46. Just got that glorious call from @Matt_Dy at @austinfilmfest. My script is in the top 1% of 9100 scripts submitted. #scriptchat
  47. @SarahAlexis4 I've discovered giant story holes, unformed characters, and whether the whole thing is a waste of time! #scriptchat
  48. @AB2screenwriter I agree. Actors can show you something you may not have noticed on the page. #scriptchat
  49. @filmwritr4 @blueneumann @jeannevb I was in a group where I had a script up monthly. Good discipline but can get overused. #scriptchat
  50. @timschildberger not to mention dialogue is often completely different when delivered via a different source... #scriptchat
  51. the scriptwriter should be listening with a copy.... listening hard for crap in their story, plot etc. y/n? #scriptchat
  52. Q: Can one person do multiple small parts or do you need a different person for each character? #scriptchat
  53. @SamSquamchman One person can read multiples. Definitely. I try to limit it to 3 roles. Just not 2 in the same scene! #scriptchat
  54. @Angie_Lavallee Up to the writer. I put the script away and just listen. See how it all feels. Others follow along making notes. #scriptchat
  55. @SamSquamchman I'd say one person can double up on multiple small characters, especially if space and # of people are concerns. #scriptchat
  56. @SarahAlexis4 Cookies help. And water. But most people enjoy the experience without bribes. #scriptchat
  57. Q: Should I highlight everyone's part for them on the script they'll be reading from? #scriptchat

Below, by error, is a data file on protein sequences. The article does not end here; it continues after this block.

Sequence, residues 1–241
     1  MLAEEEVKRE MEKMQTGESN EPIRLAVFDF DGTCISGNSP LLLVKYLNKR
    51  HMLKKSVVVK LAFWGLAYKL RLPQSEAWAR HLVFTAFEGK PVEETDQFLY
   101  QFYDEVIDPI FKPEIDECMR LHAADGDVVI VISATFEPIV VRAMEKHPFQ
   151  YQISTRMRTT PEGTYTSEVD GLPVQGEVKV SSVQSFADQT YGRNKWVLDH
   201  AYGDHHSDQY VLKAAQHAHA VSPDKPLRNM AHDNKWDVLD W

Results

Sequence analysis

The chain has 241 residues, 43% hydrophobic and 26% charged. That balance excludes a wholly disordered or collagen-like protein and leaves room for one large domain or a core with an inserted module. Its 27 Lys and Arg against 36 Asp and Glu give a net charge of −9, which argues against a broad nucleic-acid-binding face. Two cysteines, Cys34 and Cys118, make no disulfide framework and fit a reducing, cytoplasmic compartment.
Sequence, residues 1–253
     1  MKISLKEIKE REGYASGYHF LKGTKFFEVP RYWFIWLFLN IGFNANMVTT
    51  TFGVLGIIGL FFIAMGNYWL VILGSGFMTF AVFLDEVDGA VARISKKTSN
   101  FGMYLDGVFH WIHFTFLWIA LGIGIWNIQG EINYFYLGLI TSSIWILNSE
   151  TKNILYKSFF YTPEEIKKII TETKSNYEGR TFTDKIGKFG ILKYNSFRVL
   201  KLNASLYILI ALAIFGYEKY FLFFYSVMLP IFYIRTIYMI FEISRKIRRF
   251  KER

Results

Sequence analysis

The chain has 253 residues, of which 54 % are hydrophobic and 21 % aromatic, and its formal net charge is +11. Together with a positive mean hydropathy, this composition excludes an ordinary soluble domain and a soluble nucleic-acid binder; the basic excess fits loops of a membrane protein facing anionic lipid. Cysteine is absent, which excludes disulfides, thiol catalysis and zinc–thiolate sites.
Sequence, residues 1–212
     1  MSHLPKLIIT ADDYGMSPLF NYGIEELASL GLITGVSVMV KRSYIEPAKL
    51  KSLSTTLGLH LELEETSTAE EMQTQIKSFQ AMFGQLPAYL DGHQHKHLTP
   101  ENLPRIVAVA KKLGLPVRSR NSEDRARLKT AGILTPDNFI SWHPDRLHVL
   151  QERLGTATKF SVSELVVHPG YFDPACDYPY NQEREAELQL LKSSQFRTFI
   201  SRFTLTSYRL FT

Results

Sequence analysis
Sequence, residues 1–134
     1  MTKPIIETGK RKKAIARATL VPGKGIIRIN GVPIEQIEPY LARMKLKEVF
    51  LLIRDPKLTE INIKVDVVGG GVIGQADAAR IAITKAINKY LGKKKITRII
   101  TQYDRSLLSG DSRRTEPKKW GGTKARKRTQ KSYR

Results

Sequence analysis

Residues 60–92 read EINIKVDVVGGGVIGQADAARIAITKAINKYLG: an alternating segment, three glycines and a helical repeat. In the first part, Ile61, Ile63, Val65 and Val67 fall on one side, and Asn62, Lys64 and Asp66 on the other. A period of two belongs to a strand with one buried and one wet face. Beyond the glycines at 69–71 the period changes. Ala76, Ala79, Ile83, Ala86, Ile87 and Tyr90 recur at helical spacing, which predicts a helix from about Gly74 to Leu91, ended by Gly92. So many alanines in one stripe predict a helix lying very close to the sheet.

58. @Angie_Lavallee @timschildberger @SamSquamchman Q: From your experience, what's best kind of feedback you get from table reads? #scriptchat
  59. @JonFour @SamSquamchman Totally agree. Actors do too. Gives them more to do. Who wants 2 lines? #scriptchat
  60. @SamSquamchman I highlight the actor names only when it's a cold read & they're seeing script for 1st time. #scriptchat
  61. Do we have any actors here tonight to add their thoughts on table reads? #scriptchat #AGYST
  62. @timschildberger Seeing your script read around a table is damn satisfying... Yes, even if your script coach doesn't like it! #scriptchat
  63. @SamSquamchman Best...that the script rules? :) Usually notes on character, and story logic are best for me. #scriptchat
  64. Q: How long should I expect it to last if my script is 110 pages? #scriptchat
  65. May I add after reading many scripts this month - please - tighter scene descriptions. No-one wants to hear endless description. #scriptchat
  66. @timschildberger the cool thing that I like is hearing your words - seeing how other people relate to your dialogue... #scriptchat
  67. @SarahAlexis4 @liveReadLA No specifics. Imperfect scripts that will read well, actor friendly, and we can help make better. #scriptchat
  68. Q: Do you do an intermission or just plow through it in one go? #scriptchat
  69. @AB2screenwriter Or don't get that awesome joke you assume is awesome and everyone should laugh. Dose of humility! #scriptchat
  70. @filmwritr4 @SamSquamchman Comedy works well. Complex sci-fi is tougher I must confess,but not impossible. #scriptchat
  71. @timschildberger Q: Is it because of the story universe/descriptions/technical jargon in sci-fi? #scriptchat